this was May, last year, in the hill village of Relleu in Alicante. Relleu is the home of Almaserra, and the Old Olive Press centre for poetry and other arts. It’s run by Christopher North, and his wife Marisa. Imagine an Arvon centre where you do no cooking, have en-suite bedrooms, are surrounded by limestone mountains, and groves of lemons and olives and oranges. And where the tutors are the creme de la creme. Last week was an Ann Sansom week. I sort of promised her that there would be flowers. Because of the most prolonged drought for generations, there were hardly any, not even for the nature table. Though there were bones and carob pods and small almond branches. And a torrential rain storm on Friday turned the streets into canoe slalom courses, and trapped poets and tutor alike in the bar by the church at the top end of the village.
You may have twigged by now that this ‘what I did on my holidays’ stuff is alerting you to the fact that a week of writing, plus landscape sensory overload, has left my brain stuffed. I knew what I meant to write- theories about what colours your poems- remains stubbornly unclear. Maybe if I make a reckless promise, all will be well. I promise to reflect on my belief that imagination is memory in action, and that your preferred modes of memory, conscious or unconscious, are what control and inhabit your poetic voice. I read that back, and reckon it sounds sufficiently pretentious to put me on my toes for next Sunday.
I know that my memory is predominantly visual, and one of my keenest critics told me that I mainly write silent movies. I think we did thirty-four fast workshop exercises in five mornings last week. When I check, most of all of my responses are snapshots of one kind or another, and when they’re not, they’re lists. There should be a post about lists. And one about ‘triggers’. Right; that’s more commitments.
I realise I also made a promise on Facebook. I learned last week that I’d won first prize in The Red Shed Open poetry competition (in tandem with the excellent Currock Press). For those who don’t know it, The Red Shed is a Wakefield institution. It was originally an army barrack hut, bought in the early 60’s, and reassembled in the middle of Wakefield to house the Labour Club, and combines its role of keeping the Socialist heart beating in the middle of this former mining area, with hosting quality live music and poetry readings, as well as selling what were once called Fine Ales. What is specially nice about the Red Shed is that it is, despite its tendency to sag a bit, a Grade 2 listed building. All around, as Wakefield rips down handsome structures and puts up glass and steel shopping centres, there’s the Red Shed. Distinctly unglamorous, and almost certainly an affront to the circling retailers. Sometimes you enter a competition simply because you approve of the people who run it, and you know your entry fee is going to a good cause. So here’s the poem that won. And it started life in a Poetry Business Saturday workshop in Sheffield. I can’t nail down the starting point or the trigger, but as Ann Sansom reminded us last week, when you set off writing for yourself, you find you’re telling yourself things you didn’t know you knew. I need to be surprised into writing. I can’t intend to write. Nothing happens. I suspect this activity could have been one of those about thinking of a group of people and telling yourself what you know about them. This one turned out to be about my father. I come late to writing poetry, and even later to writing about people close to me, and to finding that I loved them in ways I’d never understood. You’ll see why it might ring socialist bells, and maybe that’s what I thought I was doing when I started writing from, and about, memories of my dad’s birdwatching mates. The Yorkshire Naturalists, whose favourite dale was Wharfedale, and its tributaries, and who are firmly rooted, in my memories, in the 1950s.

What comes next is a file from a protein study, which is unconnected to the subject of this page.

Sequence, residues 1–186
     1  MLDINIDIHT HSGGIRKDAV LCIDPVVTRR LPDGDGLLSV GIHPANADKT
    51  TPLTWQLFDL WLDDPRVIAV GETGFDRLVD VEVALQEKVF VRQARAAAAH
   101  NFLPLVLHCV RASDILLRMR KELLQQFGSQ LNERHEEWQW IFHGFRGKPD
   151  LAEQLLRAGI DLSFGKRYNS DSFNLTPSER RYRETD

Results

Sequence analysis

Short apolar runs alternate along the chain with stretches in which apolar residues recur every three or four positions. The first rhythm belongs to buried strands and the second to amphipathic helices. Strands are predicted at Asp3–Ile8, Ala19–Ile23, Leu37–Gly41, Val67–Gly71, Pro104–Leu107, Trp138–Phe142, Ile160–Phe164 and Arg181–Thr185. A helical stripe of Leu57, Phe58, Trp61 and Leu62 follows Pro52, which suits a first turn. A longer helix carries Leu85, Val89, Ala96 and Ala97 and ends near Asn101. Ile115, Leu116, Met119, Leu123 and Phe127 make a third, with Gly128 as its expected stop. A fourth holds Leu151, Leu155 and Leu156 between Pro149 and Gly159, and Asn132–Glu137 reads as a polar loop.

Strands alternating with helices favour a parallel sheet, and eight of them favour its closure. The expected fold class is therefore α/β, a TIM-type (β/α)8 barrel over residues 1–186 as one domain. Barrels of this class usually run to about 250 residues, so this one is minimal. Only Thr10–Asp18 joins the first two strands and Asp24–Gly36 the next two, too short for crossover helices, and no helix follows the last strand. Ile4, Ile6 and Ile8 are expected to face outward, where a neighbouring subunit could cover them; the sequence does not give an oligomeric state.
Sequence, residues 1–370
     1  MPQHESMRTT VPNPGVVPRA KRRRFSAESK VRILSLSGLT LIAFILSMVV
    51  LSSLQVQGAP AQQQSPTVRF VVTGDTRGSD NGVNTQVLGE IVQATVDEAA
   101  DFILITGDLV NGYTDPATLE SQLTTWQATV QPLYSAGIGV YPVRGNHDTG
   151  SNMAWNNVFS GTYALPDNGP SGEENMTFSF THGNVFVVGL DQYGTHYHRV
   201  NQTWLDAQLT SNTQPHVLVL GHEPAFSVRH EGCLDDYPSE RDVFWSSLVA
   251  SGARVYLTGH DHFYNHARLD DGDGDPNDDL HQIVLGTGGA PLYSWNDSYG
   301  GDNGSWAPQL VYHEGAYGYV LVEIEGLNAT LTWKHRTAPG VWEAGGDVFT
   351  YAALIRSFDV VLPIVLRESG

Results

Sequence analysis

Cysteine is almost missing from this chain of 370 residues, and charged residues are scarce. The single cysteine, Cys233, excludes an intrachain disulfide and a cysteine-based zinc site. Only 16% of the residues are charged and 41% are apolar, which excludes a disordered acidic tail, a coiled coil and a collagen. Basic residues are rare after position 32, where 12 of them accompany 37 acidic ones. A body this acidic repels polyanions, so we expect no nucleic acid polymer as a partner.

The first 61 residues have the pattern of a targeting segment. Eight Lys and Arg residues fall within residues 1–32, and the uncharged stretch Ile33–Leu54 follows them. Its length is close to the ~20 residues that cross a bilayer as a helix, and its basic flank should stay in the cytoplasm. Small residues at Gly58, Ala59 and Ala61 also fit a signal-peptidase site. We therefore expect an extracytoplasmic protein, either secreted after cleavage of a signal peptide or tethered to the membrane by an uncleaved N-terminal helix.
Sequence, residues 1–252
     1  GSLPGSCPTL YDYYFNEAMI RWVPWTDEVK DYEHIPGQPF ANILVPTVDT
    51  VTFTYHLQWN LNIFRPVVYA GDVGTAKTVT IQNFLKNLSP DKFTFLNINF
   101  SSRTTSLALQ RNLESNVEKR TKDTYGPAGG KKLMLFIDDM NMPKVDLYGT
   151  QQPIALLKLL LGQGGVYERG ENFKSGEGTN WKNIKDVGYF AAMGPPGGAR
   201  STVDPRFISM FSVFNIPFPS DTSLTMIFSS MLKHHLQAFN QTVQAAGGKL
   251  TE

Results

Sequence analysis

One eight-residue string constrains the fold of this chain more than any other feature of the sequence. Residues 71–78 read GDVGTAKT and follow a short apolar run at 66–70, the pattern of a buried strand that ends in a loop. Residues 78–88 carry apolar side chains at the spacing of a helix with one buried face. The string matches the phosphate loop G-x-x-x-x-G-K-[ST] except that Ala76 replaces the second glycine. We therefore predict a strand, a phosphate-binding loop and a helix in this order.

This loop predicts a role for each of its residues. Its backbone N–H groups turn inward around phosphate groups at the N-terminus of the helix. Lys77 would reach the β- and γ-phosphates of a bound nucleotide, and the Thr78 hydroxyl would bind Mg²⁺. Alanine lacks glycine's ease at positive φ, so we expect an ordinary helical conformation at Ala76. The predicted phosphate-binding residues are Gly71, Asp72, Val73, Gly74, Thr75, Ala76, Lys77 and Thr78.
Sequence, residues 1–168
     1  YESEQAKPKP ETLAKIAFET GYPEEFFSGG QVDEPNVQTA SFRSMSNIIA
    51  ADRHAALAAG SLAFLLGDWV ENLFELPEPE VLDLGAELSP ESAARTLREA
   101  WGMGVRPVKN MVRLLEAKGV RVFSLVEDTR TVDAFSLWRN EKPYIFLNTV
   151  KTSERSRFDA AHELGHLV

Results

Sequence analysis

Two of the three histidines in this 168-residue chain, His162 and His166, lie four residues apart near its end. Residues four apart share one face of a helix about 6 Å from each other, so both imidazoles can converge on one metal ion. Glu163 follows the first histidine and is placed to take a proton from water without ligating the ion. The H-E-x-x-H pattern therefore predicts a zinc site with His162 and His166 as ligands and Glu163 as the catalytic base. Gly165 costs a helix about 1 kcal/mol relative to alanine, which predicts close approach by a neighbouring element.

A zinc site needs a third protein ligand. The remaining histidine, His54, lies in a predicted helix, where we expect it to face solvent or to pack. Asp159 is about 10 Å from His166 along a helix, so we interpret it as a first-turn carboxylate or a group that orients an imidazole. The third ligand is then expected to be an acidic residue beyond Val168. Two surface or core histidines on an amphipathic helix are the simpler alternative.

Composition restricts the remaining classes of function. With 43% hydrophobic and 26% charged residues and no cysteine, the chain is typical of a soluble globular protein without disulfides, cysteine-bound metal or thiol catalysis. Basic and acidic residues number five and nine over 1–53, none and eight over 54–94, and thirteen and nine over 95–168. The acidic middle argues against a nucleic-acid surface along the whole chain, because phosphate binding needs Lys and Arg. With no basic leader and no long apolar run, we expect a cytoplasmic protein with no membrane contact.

Here you are then, my dad and all the other
Drawn to MamTor, to Kinder Downfall,
Simon’s Seat, Grass Woods, The Strid;
they came by steam train, on the bus,
away from mill and pit and forge,
an England dark with smoke,
passing crumbled slums, grand
neo-classic terraces, iron-railinged
parks, until the cities petered out
on the edges of high moors, big skies.
They came to the quiet of neat fields,
of drystone walls. They walked miles,
wore caps or trilbies, belted macs,
flapping turn-up trousers, ordinary shoes.
They knew the habitats of birds and flowers;
they knew shortcuts and hidden waterfalls,
would pull aside wired gates,
push over ‘Private: Keep Out’ boards,
would not be kept from bluebell woods.
At school we had to pray they’d be forgiven,
those trepassers who rambled Viking fells
and ghylls and cloughs, sour gritstone moors
and green lanes cropped by mourning sheep.
They knew the land they walked should not be owned,
wished it was theirs; coveted the cottages
of the small stone villages, their tidy gardens.
Those men like my father, the woollen spinner,
namer of birds; presser of wild flowers.
I couldn’t get to the people (I don’t know if I actually do) until I shut my eyes and went on the bus out of Bradford, along Manninngham Lane, through Bingley, Shipley, all the way to Settle. Or out of Leeds, through Otley, Ilkley, up to Grassington. Appletreewick. And it had to be a double decker. You need to be upstairs.
Right, more promises to keep. Hope to see you all next Sunday. Just straighten the chairs before you go.